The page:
2) If you suspect that an outside surface element is causing the problem, it is best to place doggie shoes on the Poodle. This not only protects the paws from triggers that cause chewing and licking, but also safe guards the paws from hot pavement in the summer, cold icy roads in the winter and tiny pebbles that can cause irritation all year round.

3) If you opt to forgo the doggie shoes, do be sure to rinse off the paws before entering back into the house.

More ahead on treatment to ease itching…

Allergies

A Poodle may be having an allergic reaction that is manifesting via intense itching. Itching due to allergies may be present all over the body, however a Poodle may chew at the paws simply because that is a body part that is easily accessible and at least one area that can be 'scratched' via licking and biting.

Aside from the contact allergies discussed above, there is a vast array of elements that a Poodle may be allergic to. This includes inhaled seasonal elements such as pollen, mold, flea bites, cleaning solutions, carpeting fibers and certain commercial food ingredients such as artificial coloring and/or preservatives.

Pinpointing allergies can take a bit of work. It is best to make easy changes first such as washing all bedding and dog bed covers with a hypo-allergenic detergent - you will want to wash everything you can in hot water and dry on a hot setting.

Discontinue the use of any carpet fresheners that may have been being sprinkled on the rugs. Shampoo and coat products should always be gentle products and cheap generic canine shampoo and/or conditioner should never be used. Vacuum the house well with a HEPA certified vacuum machine that is capable of trapping microscopic allergens. Do not dry dust; instead use a damp cloth so that dust is not just moved around since dust mites are a common cause of allergic reactions.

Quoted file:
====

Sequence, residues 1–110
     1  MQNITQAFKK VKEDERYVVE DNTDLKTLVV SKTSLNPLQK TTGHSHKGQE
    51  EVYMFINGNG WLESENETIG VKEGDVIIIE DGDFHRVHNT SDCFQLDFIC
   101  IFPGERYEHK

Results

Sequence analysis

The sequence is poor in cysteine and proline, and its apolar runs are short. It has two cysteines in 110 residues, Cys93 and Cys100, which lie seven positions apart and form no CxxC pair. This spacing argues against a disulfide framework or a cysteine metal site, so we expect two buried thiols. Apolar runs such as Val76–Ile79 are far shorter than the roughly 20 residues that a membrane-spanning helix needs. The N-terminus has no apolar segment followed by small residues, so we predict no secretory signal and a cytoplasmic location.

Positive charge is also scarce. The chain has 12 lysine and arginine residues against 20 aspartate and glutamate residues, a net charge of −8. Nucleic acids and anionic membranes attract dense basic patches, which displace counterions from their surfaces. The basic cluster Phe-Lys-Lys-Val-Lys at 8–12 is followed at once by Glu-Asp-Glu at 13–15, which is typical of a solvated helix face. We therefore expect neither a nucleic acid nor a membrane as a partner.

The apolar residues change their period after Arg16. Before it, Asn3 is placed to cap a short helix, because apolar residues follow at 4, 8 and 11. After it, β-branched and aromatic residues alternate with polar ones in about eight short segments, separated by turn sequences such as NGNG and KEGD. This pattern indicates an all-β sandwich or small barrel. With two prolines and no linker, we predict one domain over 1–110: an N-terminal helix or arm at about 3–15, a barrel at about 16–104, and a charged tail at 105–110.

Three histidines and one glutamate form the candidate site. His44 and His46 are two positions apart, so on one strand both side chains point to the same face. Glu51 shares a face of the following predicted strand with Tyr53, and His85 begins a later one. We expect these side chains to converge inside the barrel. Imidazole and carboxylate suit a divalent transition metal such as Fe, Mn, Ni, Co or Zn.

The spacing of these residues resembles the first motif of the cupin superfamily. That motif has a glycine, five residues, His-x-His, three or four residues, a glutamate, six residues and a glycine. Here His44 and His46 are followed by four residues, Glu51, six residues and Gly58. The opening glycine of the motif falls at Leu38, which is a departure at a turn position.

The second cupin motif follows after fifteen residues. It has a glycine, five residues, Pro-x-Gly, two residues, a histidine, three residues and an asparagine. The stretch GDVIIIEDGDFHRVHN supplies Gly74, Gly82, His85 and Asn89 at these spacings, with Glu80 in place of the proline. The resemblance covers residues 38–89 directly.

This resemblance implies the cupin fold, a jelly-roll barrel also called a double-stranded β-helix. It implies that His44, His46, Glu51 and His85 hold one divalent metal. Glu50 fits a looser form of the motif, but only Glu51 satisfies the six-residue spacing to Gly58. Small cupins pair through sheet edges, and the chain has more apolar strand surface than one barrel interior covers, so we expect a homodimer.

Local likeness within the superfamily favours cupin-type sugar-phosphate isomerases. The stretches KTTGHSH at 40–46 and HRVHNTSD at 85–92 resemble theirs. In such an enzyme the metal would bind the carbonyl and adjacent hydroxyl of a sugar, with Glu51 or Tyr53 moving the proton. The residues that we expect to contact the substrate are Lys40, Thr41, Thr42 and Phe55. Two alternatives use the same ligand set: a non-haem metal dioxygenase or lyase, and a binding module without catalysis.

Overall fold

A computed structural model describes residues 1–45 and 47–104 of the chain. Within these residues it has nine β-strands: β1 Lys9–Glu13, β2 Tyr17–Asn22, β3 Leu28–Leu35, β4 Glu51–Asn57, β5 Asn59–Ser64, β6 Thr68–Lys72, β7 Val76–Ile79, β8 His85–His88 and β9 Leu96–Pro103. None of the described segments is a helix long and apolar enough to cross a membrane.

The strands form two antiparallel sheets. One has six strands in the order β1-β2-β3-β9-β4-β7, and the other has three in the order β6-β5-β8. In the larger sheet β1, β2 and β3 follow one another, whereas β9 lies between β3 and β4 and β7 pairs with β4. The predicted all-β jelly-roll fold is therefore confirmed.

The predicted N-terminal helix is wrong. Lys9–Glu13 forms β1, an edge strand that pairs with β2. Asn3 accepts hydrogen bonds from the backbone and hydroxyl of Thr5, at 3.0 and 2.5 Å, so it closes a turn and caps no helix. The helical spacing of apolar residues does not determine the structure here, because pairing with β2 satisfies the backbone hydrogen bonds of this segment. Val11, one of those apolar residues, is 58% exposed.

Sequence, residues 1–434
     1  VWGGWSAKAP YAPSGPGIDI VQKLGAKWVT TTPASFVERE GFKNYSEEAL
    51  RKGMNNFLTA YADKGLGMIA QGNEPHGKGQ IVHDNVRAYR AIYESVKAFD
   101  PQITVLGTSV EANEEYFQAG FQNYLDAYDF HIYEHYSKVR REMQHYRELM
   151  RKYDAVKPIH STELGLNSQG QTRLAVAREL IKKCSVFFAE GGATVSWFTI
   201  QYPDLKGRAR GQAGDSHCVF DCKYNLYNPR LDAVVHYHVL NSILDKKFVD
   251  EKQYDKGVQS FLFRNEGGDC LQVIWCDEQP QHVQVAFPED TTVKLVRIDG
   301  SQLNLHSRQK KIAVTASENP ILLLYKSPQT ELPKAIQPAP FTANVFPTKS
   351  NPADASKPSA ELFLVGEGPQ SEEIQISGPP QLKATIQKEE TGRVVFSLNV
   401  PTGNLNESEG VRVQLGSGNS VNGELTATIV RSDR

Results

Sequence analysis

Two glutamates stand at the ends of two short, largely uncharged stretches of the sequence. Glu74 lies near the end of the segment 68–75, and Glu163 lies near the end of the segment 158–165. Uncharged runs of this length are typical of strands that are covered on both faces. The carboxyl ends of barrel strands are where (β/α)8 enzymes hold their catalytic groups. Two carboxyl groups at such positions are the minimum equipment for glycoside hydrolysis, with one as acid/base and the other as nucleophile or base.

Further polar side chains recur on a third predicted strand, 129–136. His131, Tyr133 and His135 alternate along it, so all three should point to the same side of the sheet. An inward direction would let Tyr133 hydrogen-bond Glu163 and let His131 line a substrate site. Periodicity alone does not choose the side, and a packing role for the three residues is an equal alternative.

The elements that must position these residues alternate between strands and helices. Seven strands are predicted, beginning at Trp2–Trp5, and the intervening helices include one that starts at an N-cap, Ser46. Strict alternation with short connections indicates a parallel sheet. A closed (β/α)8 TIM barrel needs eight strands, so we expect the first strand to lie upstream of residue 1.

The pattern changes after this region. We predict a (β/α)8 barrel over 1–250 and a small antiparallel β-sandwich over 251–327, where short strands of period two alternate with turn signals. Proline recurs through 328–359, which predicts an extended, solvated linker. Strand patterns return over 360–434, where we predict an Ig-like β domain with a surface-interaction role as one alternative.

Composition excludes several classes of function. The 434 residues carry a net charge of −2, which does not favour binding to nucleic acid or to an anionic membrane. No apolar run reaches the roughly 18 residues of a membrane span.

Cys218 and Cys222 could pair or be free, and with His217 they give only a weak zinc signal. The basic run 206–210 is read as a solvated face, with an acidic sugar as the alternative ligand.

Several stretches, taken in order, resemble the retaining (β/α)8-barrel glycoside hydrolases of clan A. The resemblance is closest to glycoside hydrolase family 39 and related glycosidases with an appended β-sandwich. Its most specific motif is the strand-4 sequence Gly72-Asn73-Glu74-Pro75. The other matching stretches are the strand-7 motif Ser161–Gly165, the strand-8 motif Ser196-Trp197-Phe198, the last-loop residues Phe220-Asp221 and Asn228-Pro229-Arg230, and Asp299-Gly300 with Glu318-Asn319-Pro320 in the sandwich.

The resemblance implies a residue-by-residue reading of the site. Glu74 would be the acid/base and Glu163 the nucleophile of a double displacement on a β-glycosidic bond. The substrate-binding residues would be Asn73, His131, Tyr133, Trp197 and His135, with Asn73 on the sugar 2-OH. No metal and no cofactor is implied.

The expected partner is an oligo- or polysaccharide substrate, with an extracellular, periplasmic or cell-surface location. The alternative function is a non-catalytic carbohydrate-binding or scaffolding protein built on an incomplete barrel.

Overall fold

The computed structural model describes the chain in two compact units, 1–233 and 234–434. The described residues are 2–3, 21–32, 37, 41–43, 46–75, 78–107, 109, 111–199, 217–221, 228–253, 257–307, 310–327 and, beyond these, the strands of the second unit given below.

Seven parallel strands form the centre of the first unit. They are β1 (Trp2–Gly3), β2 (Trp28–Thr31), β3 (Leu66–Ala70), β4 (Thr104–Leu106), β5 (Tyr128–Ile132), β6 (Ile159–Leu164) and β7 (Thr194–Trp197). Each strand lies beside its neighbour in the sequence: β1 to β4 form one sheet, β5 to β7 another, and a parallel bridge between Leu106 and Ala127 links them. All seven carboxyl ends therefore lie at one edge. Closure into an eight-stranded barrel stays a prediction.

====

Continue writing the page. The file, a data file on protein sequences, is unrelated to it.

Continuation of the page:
Poodle with painted nails
Scarlett, 18 months old
Photo courtesy of owner: Dorothy
With food allergies, while there may only be the symptom of chewing at the paws there can also be a thinning coat, stomach distress, vomiting, diarrhea, an itchy rear end and/or even ear infections.

If a food allergy is suspected, owners can narrow down the culprit by putting the Poodle on a plain diet of white, non-seasoned, boiled chicken meat and plain white rice or sweet potato for several weeks. If symptoms subside, one new ingredient can be added every 1 to 2 weeks.

It is best to have the Poodle under the care of a veterinarian, as medications may need to be prescribed.

Hairs

One very simple and easily resolved cause of a Poodle chewing at his paws or obsessively licking at them is the matter of stray hairs. Long hairs may randomly grow out from between the paw pads and from between the toes. A Poodle may find these to be annoying and bite at them.

Keeping the paws nicely trimmed will quickly resolve the problem.

Injury

Paws pads - though thick - are made of skin and are subject to all sort of injury including tiny issues such as slivers that can be so annoying that a Poodle digs at it with his mouth.

Tiny pebbles from road surfaces can become stuck between the pads or thin wooden slivers can slip into the skin. 

Do inspect the paws and carefully remove any foreign object with a pair of tweezers if possible. In some cases of a deep vertical splinter, it may not be easy to remove. If left under the skin, it may be pushed out by the body however it may also be wedged even deeper as the Poodle chews and licks at it.

You can try to move the splinter by using a sterilized needed and tweezers, though it is recommended to have the veterinarian perform this task since it may break off and a portion of it may remain under the skin.